Petrarchan conceit

The Bedford Glossary of Critical and Literary Terms - Ross Murfin 2018

Petrarchan conceit

Petrarchan conceit: A type of conceit that presents an exaggerated portrait of a beautiful, cruel woman and the suffering, lovestricken man who worships her. The Petrarchan conceit typically employs analogy, hyperbole, and oxymoron to figure one or both lovers and was particularly popular among Renaissance sonneteers. The Petrarchan conceit has been imitated both seriously and satirically; certain comparisons, such as that of the lover to a ship in a stormy sea, are so common that they have become clichés.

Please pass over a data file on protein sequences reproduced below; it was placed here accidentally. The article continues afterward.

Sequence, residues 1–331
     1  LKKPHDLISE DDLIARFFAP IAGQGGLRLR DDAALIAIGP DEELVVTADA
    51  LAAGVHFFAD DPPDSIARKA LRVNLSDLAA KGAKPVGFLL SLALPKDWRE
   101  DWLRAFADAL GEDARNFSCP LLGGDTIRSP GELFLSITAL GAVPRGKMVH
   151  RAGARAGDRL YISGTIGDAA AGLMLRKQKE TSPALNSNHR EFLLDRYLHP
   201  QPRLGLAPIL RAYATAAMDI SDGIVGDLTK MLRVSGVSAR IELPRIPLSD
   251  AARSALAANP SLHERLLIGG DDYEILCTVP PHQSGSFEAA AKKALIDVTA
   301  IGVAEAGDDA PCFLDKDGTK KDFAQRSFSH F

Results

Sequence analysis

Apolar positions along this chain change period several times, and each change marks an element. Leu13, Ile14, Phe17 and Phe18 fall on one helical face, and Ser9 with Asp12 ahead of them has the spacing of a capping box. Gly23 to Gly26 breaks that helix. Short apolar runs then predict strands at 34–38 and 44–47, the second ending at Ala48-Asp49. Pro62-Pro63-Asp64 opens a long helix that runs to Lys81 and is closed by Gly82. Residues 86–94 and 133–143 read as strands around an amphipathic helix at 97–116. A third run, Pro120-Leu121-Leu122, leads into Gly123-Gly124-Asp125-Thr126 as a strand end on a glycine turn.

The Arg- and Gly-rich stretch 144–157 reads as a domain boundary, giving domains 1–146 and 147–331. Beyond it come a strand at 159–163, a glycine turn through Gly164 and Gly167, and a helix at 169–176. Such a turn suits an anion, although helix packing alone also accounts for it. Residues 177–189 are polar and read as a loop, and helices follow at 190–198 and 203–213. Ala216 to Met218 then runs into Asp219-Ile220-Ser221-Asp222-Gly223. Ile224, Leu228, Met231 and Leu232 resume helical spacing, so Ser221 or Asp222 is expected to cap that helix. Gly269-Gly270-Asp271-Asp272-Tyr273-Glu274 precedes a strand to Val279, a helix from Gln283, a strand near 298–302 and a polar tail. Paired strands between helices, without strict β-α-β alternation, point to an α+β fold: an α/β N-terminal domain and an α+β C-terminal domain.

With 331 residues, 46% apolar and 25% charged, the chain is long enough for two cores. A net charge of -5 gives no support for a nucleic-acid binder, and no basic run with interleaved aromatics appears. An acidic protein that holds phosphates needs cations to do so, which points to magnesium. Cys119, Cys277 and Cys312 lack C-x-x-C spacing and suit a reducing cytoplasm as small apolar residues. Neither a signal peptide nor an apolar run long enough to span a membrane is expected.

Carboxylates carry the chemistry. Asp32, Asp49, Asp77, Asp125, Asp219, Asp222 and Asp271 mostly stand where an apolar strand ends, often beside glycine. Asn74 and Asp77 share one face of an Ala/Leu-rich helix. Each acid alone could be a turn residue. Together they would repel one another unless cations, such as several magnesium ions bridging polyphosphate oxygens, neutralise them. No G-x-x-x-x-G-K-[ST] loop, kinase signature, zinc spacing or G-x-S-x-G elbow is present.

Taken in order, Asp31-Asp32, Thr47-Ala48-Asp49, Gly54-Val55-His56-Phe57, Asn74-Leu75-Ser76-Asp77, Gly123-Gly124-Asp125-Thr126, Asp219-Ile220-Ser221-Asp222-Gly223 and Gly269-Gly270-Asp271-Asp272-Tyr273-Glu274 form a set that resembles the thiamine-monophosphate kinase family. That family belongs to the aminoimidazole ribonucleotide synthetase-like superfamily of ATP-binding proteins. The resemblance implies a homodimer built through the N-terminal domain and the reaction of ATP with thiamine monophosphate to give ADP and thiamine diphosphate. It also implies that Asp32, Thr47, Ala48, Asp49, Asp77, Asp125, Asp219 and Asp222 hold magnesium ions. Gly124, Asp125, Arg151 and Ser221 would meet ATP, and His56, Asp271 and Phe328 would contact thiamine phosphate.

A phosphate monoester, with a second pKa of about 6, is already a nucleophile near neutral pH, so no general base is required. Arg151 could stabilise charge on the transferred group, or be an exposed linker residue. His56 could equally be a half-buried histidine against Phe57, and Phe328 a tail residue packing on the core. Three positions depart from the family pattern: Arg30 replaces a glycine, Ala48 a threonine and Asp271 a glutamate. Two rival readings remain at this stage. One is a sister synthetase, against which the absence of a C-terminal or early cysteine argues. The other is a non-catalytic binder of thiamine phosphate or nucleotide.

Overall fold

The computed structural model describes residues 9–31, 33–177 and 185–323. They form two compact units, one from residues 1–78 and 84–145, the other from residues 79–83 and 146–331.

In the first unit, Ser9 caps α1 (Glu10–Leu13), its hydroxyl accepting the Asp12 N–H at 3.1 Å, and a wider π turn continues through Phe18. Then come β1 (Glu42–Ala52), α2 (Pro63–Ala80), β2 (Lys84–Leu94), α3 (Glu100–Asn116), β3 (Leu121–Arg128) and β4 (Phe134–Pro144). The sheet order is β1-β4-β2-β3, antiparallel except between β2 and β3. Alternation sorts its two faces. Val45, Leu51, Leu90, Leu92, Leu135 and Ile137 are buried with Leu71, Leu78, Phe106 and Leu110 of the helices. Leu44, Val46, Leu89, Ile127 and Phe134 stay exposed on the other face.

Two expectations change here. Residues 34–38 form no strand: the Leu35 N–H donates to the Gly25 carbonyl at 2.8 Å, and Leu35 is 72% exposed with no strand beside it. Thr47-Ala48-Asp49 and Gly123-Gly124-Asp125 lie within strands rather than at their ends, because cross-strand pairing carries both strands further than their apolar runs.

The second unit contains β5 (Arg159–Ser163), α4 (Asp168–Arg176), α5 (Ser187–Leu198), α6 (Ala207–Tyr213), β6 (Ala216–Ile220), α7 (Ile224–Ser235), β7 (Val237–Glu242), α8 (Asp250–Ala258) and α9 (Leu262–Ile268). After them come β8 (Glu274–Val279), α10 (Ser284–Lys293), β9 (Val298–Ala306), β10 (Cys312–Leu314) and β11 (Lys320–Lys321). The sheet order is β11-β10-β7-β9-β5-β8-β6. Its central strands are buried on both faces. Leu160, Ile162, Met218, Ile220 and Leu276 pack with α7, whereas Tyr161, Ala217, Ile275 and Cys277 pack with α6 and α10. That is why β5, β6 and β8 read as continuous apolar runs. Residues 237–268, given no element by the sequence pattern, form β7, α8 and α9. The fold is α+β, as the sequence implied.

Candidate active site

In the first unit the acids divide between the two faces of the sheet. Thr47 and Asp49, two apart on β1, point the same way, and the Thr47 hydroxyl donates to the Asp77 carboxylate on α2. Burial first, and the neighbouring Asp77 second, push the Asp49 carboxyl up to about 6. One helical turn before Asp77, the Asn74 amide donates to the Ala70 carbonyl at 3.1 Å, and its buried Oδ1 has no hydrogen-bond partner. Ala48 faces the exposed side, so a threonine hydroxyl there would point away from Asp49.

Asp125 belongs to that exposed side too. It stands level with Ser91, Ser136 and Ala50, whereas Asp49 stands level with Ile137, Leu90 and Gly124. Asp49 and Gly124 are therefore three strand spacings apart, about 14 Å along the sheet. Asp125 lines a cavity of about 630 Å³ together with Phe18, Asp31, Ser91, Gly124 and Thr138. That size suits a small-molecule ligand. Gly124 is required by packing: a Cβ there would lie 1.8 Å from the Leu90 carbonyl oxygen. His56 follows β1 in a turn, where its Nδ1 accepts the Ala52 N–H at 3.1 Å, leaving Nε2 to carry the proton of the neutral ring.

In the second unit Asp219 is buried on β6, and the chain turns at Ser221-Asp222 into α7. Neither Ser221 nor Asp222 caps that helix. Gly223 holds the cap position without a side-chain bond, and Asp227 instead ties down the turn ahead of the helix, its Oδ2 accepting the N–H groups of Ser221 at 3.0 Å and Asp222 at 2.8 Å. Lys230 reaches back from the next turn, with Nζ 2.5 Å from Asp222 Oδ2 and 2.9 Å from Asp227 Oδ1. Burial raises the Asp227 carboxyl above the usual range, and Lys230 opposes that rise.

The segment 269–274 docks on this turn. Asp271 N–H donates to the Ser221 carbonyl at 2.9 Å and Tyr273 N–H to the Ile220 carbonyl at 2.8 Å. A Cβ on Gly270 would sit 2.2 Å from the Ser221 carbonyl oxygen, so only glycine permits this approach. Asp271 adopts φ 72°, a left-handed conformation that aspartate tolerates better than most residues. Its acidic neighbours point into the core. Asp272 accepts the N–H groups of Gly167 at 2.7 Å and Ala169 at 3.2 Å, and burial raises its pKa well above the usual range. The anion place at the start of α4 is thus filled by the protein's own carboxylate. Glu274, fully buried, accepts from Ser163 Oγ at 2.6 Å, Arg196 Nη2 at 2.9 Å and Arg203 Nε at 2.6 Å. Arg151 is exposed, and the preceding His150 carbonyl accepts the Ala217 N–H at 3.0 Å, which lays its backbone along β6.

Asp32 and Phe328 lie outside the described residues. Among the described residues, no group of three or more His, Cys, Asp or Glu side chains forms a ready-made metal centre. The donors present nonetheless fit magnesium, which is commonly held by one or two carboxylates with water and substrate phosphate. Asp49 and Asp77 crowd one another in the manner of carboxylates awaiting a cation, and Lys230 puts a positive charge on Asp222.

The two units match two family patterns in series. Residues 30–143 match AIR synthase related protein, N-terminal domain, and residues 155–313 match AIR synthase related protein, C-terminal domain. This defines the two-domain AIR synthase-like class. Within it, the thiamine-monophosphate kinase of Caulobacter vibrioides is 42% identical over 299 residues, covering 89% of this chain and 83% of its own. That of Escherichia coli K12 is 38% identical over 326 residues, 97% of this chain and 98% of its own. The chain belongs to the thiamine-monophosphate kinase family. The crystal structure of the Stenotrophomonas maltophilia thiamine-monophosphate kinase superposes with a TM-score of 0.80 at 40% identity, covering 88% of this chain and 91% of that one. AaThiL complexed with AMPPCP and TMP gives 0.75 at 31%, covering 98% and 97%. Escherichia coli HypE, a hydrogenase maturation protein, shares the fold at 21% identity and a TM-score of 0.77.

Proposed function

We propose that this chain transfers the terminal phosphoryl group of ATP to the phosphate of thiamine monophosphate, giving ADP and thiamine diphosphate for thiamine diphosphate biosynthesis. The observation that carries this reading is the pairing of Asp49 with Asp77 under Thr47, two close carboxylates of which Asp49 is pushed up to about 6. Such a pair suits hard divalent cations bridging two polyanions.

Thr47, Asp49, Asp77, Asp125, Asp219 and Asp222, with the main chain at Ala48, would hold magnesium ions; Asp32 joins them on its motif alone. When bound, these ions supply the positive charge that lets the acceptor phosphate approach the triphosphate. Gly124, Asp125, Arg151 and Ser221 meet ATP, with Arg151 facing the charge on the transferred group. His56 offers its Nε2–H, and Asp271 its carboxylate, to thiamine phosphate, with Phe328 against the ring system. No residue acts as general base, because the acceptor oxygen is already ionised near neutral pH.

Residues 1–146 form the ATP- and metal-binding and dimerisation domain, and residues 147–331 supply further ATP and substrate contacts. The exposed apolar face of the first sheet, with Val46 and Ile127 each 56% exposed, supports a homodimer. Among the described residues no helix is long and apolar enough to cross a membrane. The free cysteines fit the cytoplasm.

EXAMPLE: The fifty-fourth sonnet from Edmund Spenser’s Amoretti (1595) contains a Petrarchan conceit:

Of this world’s theatre in which we stay,

My love like the spectator ydly° sits;idly

Beholding me that all the pageants° play,roles

Disguysing diversly my troubled wits.

Sometimes I joy when glad occasion fits,

And mask in myrth lyke to a comedy:

Soone after when my joy to sorrow flits,

I waile and make my woes a tragedy.

Yet she, beholding me with constant eye,

Delights not in my merth nor rues° my smart:pities

But when I laugh she mocks, and when I cry,

She laughs and hardens evermore her heart.

What then can move her? if not merth nor mone,°moan

She is no woman, but a sencelesse stone.